Unix-like systems have nearly always come with a manual, and Linux is no exception. On a Raspbian machine, there are at least a couple of manuals available at all times.

It's natural to reach for Google as soon as you run into a technical problem, but sometimes the fastest route to a solution is the locally installed manuals. (And sometimes you just don't have an internet connection.)

man

Curious about a given topic? If you know the name of a command, you can use man (short for "manual"). For example, man grep will tell you more than you ever wanted to know about the grep command. You can search by keyword with man -k keyword. You can also search with apropos keyword, which for some reason I have always found easier to remember.

There's an art to reading most man pages. They're not always the friendliest documents, at first glance, but once you have the basics down, they often pack a lot of knowledge into a small space. Here's how the man page for grep usually displays, with a few bits highlighted:

A - GREP(1)

Name of the man page in all caps, followed by the section of the manual in parentheses. Most things you look up will be in section 1, for general programs, but there are 7 more.

B - grep, egrep, fgrep, etc.

Various alternate names under which grep can be invoked, followed by a brief description of the command.

C - SYNOPSIS

One or more summaries of how the command is invoked. Optional things are usually inside square brackets, alternatives are denoted witha |, and so on.

D - DESCRIPTION

A longer prose description of the command and its uses.

E - OPTIONS

A breakdown of available options which change the behavior of the command.

F - --version

A lot of options have both a short form (-V) and a long form (--version). A lot of the time (but not always!), the long version uses two dashes and the short version uses one.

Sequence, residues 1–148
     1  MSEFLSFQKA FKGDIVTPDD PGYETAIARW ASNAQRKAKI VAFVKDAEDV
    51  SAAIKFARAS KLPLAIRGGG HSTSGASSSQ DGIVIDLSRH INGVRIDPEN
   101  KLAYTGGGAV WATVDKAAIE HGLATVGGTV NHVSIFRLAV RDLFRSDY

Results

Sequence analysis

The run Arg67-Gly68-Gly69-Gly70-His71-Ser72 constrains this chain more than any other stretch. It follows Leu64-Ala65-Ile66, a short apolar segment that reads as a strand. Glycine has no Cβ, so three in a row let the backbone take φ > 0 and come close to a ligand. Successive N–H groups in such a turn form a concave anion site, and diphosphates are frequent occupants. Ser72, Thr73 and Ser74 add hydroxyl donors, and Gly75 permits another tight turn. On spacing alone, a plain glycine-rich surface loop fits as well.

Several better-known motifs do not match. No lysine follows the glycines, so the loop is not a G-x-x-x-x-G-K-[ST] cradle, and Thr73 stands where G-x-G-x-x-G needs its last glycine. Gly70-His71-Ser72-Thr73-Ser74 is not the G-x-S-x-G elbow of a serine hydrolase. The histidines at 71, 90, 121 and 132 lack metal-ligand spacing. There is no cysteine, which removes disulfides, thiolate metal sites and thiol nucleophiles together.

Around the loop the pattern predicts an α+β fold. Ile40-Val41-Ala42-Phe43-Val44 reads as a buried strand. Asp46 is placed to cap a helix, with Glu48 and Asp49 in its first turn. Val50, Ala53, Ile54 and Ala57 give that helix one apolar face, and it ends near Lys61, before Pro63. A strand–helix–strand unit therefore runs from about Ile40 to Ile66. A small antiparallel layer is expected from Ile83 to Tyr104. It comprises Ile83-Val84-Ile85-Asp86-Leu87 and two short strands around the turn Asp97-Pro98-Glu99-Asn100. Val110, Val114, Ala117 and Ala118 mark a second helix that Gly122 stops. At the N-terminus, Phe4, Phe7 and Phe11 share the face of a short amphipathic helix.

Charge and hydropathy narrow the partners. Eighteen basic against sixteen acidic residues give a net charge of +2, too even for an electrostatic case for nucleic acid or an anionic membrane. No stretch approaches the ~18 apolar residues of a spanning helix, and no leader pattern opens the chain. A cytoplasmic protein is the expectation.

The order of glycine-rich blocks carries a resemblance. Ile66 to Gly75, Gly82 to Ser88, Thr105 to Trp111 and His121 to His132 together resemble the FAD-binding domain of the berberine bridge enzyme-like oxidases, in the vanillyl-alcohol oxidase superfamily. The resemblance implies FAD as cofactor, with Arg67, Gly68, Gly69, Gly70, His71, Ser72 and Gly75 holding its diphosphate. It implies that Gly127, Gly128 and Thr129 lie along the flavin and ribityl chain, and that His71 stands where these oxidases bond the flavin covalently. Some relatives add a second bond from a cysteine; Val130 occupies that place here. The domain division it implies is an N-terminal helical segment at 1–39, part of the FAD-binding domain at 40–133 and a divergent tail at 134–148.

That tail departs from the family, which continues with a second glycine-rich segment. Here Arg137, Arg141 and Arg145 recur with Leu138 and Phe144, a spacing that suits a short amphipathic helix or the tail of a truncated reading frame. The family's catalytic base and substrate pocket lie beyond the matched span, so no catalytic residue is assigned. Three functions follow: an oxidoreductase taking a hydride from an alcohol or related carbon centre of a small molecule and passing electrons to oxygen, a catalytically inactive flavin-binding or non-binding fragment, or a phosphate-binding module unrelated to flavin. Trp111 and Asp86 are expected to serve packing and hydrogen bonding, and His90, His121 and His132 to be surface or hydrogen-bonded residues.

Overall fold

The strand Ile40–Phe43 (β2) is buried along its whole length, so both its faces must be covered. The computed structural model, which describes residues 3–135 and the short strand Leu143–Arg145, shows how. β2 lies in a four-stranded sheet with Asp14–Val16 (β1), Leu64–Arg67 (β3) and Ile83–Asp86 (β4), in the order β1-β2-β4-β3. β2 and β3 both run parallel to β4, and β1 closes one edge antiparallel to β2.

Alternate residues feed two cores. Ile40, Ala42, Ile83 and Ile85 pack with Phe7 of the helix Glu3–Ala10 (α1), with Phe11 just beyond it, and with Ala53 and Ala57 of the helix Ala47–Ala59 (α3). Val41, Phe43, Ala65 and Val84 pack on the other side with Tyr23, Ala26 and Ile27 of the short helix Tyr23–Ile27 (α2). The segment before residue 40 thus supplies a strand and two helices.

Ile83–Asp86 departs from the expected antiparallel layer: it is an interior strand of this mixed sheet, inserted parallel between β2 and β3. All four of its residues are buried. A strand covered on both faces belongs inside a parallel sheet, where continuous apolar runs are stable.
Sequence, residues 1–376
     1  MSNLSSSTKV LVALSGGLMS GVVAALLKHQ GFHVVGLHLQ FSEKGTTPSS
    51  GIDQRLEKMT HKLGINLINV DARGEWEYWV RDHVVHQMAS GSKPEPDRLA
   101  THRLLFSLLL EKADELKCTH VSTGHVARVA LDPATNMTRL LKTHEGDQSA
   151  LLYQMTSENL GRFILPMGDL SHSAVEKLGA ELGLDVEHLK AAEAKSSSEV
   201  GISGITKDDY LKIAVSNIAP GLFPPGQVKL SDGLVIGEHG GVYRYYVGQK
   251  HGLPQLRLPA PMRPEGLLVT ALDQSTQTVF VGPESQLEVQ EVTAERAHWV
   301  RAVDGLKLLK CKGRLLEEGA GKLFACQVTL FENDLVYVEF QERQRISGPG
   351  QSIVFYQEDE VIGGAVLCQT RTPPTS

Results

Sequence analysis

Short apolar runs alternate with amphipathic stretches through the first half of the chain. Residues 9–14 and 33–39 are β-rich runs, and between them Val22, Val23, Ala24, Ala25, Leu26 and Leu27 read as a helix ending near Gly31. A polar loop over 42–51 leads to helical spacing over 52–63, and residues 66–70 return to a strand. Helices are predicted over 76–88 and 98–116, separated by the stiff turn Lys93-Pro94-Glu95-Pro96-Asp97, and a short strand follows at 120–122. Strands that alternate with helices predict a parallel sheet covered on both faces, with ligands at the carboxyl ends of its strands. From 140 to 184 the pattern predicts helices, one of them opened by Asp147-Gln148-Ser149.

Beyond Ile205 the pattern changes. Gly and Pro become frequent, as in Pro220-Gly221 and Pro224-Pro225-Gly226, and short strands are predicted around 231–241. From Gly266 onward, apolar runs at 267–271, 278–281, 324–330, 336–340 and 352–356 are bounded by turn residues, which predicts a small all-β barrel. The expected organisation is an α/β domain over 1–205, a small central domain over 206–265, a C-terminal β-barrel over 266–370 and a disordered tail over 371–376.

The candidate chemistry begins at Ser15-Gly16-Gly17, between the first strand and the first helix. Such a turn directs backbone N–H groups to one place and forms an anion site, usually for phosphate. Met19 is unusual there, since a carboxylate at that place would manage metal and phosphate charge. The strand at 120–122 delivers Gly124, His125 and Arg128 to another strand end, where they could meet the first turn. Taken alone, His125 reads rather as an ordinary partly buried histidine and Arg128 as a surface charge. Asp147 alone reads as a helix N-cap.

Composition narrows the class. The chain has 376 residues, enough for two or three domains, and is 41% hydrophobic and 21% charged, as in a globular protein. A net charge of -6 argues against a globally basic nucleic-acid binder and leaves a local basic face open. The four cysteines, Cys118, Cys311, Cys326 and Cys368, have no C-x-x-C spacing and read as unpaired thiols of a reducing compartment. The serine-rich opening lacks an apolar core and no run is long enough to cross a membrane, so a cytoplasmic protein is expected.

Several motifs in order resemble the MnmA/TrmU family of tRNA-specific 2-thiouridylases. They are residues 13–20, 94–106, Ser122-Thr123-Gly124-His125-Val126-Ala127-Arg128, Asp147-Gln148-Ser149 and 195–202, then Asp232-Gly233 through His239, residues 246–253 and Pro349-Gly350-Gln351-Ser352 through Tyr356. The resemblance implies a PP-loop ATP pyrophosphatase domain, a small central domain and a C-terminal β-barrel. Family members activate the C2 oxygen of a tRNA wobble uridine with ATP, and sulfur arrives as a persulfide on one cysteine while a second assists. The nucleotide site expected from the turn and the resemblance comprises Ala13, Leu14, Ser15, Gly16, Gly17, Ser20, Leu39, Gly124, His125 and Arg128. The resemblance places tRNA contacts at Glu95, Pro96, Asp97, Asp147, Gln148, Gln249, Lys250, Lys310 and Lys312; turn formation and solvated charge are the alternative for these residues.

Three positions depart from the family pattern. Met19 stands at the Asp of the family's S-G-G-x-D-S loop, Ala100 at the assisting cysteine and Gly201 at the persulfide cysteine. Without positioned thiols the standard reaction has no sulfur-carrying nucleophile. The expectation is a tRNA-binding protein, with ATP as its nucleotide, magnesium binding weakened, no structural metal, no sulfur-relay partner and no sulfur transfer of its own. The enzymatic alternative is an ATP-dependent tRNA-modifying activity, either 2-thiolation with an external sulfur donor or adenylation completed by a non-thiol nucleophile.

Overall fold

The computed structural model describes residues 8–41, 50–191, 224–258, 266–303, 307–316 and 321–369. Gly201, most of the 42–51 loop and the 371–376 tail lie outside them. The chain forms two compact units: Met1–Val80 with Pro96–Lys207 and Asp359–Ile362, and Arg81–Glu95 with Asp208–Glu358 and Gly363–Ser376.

You'll often find other info - the authors of a given program, notes about its history or how it differs from other versions of the same utility, known bugs, pointers to related programs, and so forth.

GNU info

The GNU project, responsible for the versions of the core utilities most commonly used on Linux systems, has its own documentation system, called info. It can be browsed by topic just by invoking info or searched with info -k keyword. If you already know the name of a node, you can just say info node. For example, the documentation on info itself can be reached with info info.

Documentation from Installed Packages

Debian, the distribution Raspbian is based on, installs a lot of documentation in /usr/share/doc. If you look there, you'll find a directory for most installed packages, often containing a brief README and sometimes complete with example configuration files and scripts. These can be a real life-saver.

Ask the Program You're Trying to Use for Help

It's often the case that utilities are written with their own built-in help. For example, grep (about which we'll be talking more in a minute) has a --help option. This isn't always provided, but it's enough of a convention that it's worth trying if you're stumped.

Commands with a lot of options might print quite a bit more help than fits on your screen. There's a generic solution to the problem of text scrolling out of your terminal: Pipe the command to less.

This guide was first published on Feb 24, 2015. It was last updated on Feb 24, 2015.

This page (Read the Manual) was last updated on Sep 08, 2021.

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